I grew up hearing I was talented. I grew up being told that I should write as much as I possibly could because practice makes perfect. I wrote with a passion unlike any other, filled thousands of pages with words I was proud of. Were they good? Probably not. But during that time, when I was writing about all these crazy ideas that popped into my head, I did not care. I did not care because I felt powerful and mighty, like by holding a pen in my hand I could decide the fate of the world. I could, in a way. I created stories, worlds and characters that perhaps were not real, but they were alive. I knew their backstory better than my own. I was proud to talk about it with my friends, with my parents. I was proud I loved to write, and proud in my ability to. Sometimes I felt that if I did not write my ideas down, I would go crazy. I cannot count the stories I have created, nor can I remember every single plot or character. But I remember those who were special to me, the book I started when I was 10 and finished when I was 12, all written by hand and lost forever now. I remember those nights I stayed awake and could not stop writing because I had so many ideas, those nights I would call my best friend and talk about plot twists and plot holes and search for inspiration.


But then I grew up, I suppose. I'm not quite sure exactly what happened. There was a switch, I suppose, when people saying I was talented was no longer encouraging. I did not feel talented anymore, and perhaps I cared a little too much about the voice in my head that wondered if others would like my work. When people said I could come far with my writing, it struck me with fear. Somehow, somewhere along the way, I lost the writer who shouted on top of her lungs that she would be an author. Perhaps I felt like I made the final decision to say farewell to that dream when I declined a spot in a creative writing program. Or perhaps I made the choice it was no longer my dream when I felt like I should feel talented and great and confident. When I read back at things I wrote now, from 10 years ago, I can so clearly tell there was passion there. It wasn't very good, but I had a strong voice that I felt comfortable with. When I read what I wrote 4 years ago, I see thousands of flaws but I see a love for writing and a way with words. It's far away from perfect, but it's not as bad as I thought it was. Now that I feel like I have lost my voice, I wonder if in 4 years I will look back at this project and think hey, this isn't terrible. I wonder that in 5 years, I will wish I had not abandoned it. I keep on writing, working on this project, hoping I will find myself again. Hoping I can unleash the 8 year old girl who could jump up and down from excitement because she had just written what she believed was the greatest story ever. When I put the final touches on this project, I hope 12 year old me would be proud of me, if not hate me a little for losing my way.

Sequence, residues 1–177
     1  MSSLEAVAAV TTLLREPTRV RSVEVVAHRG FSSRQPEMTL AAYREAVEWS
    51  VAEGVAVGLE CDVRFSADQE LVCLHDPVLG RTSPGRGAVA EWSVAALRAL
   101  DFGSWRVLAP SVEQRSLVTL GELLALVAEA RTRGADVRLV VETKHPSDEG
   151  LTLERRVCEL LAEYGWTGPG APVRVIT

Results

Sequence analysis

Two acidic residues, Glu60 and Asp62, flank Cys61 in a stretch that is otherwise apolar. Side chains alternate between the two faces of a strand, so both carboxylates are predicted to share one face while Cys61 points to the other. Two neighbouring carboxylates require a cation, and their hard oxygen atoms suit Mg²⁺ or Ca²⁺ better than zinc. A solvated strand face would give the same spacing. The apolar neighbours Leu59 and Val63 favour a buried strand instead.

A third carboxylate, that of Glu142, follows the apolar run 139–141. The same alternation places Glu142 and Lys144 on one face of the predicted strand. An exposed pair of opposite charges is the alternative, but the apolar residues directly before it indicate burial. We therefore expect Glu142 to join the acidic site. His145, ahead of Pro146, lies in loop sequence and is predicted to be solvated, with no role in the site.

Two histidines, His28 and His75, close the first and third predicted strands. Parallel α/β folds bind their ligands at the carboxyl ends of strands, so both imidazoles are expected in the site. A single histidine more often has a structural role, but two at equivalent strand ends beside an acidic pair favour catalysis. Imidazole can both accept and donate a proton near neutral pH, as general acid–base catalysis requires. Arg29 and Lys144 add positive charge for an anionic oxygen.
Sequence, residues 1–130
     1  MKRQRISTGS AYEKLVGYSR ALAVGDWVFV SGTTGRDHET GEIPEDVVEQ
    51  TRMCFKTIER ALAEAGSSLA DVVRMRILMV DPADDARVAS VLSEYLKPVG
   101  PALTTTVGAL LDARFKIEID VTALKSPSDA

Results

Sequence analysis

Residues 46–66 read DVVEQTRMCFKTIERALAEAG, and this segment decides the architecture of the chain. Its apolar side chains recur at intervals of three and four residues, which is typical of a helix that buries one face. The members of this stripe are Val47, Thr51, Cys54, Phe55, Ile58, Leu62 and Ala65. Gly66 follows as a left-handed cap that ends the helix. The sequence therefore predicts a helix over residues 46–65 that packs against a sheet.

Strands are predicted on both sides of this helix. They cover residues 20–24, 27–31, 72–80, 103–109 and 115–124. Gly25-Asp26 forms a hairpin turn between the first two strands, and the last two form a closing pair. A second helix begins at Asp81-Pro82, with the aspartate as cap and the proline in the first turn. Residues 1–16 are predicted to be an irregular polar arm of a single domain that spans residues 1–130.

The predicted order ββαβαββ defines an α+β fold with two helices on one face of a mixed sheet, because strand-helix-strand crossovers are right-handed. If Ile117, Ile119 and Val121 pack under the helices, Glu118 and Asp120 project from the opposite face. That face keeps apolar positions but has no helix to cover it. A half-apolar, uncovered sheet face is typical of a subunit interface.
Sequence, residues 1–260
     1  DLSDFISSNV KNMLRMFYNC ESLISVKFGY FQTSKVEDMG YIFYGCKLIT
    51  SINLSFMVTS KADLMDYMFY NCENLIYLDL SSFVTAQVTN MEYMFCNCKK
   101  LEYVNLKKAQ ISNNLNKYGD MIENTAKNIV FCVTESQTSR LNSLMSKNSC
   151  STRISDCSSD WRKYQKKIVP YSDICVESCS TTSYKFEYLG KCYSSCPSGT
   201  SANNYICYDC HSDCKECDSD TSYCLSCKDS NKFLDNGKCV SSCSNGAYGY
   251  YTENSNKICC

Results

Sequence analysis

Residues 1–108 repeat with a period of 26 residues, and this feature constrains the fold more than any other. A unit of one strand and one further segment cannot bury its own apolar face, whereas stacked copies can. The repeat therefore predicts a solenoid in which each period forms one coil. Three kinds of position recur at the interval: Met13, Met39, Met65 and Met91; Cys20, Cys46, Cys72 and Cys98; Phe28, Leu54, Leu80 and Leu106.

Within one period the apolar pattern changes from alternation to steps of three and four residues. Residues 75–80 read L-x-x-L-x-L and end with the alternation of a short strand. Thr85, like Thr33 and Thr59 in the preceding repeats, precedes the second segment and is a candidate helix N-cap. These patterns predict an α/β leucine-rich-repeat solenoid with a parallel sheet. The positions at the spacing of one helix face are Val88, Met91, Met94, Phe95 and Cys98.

Published by Quelly And Dorian